Storing fresh produce

The following are the ideal storage conditions for some of the most comon fruits and vegetables.

Potatoes, sweet potatoes: Store unwashed, in a cool, dark, dry, well-ventilated place – not the refrigerator.
Onions, shallots, garlic: Store at room temperature in a dark, dry, well-ventilated space – though not with tubers. Each emits a natural gas that causes the other to rot.
Stem vegetables (celery, asparagus): Store in the crisper section of the refrigerator in sealed plastic bags.
Buds and flowers (broccoli, cabage, Brussels sprouts, artichokes): Store in perforated plastic bags in the refrigerator crisper.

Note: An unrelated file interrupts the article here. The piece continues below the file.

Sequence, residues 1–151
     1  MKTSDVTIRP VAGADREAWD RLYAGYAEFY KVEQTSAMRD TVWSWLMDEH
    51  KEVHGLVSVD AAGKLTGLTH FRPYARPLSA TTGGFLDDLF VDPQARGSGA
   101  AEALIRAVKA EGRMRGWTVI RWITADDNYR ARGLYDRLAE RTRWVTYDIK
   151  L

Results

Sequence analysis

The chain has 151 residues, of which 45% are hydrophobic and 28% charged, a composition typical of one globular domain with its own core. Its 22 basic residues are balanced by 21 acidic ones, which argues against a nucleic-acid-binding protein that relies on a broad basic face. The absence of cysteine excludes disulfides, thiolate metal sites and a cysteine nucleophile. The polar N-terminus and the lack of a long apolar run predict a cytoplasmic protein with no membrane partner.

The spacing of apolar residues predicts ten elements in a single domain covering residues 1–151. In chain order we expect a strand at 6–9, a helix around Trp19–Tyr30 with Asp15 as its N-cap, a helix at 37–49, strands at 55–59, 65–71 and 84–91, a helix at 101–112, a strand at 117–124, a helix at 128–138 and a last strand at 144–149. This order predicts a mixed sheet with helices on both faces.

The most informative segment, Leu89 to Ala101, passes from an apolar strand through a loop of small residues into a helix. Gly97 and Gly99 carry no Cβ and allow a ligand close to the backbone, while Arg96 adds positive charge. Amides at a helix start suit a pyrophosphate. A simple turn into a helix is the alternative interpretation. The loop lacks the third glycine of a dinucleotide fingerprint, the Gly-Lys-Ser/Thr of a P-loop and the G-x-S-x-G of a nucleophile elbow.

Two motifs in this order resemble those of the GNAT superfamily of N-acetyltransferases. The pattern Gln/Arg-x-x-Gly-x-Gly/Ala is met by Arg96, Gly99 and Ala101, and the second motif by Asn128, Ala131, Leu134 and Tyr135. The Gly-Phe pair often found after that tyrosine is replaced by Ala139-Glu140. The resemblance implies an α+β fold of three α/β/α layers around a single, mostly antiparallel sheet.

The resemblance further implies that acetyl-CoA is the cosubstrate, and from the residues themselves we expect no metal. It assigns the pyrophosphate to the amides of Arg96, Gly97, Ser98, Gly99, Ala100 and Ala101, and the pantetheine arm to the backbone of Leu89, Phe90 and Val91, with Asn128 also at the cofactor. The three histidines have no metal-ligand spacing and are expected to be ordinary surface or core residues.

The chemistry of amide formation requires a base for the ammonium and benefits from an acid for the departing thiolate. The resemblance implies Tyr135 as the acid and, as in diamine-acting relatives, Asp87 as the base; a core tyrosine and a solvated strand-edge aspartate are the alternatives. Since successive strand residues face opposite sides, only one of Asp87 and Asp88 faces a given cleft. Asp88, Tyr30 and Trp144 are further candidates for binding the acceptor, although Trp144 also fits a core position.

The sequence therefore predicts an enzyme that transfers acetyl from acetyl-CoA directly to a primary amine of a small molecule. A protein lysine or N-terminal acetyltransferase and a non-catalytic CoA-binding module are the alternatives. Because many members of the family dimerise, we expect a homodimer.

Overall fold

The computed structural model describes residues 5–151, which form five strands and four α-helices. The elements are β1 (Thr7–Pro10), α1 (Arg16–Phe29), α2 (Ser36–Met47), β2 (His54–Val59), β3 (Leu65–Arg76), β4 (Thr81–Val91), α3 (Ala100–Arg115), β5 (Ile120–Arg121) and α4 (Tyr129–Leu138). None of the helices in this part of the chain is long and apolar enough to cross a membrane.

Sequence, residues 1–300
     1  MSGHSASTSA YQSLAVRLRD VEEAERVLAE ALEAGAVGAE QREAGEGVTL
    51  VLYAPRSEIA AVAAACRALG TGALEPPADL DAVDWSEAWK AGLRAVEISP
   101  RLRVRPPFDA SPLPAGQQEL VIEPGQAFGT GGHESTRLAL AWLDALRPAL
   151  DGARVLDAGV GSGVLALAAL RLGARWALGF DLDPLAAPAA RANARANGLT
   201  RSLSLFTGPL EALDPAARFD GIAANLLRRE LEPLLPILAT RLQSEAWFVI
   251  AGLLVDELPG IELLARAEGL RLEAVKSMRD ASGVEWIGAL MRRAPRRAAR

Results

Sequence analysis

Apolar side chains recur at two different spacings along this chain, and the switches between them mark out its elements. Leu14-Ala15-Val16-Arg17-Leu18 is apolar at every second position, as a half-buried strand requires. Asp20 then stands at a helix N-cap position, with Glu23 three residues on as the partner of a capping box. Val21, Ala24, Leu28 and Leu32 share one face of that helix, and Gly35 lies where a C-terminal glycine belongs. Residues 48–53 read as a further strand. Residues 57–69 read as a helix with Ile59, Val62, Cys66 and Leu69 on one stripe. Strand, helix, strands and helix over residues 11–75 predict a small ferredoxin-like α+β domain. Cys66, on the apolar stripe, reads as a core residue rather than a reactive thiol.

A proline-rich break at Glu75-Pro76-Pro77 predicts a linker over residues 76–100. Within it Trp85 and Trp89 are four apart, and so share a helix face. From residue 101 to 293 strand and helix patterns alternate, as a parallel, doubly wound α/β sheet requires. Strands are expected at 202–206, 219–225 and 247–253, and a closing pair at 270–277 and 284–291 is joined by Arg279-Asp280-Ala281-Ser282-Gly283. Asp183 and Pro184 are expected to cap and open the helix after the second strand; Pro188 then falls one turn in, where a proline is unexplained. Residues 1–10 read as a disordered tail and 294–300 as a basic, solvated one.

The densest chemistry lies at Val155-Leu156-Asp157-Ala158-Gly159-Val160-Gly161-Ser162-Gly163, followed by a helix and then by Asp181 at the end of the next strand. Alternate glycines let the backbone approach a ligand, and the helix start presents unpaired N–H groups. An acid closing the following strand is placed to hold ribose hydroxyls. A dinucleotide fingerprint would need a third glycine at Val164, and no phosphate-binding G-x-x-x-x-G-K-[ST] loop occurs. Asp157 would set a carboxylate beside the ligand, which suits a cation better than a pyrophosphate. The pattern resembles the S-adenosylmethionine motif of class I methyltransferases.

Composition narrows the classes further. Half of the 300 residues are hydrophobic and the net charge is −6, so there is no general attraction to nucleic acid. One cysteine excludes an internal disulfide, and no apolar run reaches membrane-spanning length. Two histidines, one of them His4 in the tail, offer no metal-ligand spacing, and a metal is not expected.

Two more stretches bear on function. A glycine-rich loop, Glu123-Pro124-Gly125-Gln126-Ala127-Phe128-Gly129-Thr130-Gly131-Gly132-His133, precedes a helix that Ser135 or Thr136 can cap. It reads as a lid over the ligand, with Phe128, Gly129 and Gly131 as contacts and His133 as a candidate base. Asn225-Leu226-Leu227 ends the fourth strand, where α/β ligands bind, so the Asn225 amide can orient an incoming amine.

Tomatoes: Store at room temperature on the countertop – never in the refrigerator.
Lettuces, herbs, salad and cooking greens: Soak separated leaves in cool water, then spin dry in a salad spinner. Store loosely packed inacontainer with a damp paper towel over the top, then covered with plastic wrap.
Mushrooms: Store, unwashed, in a single layer on a plate, covered with a slightly damp paper towel on an upper refrigerator shelf.
Berries: Store unwashed and covered with plastic wrap in a single layer on a paper towel-lined plate in the refrigerator.
Apples, lemons, limes, oranges: Store in plastic bags in the crisper section of the refrigerator.
Peaches, melon: Let sit at room temperature for a few days to soften, then store in the refrigertor for 3 to 5 days.

Source: Food network kitchens cookbook.


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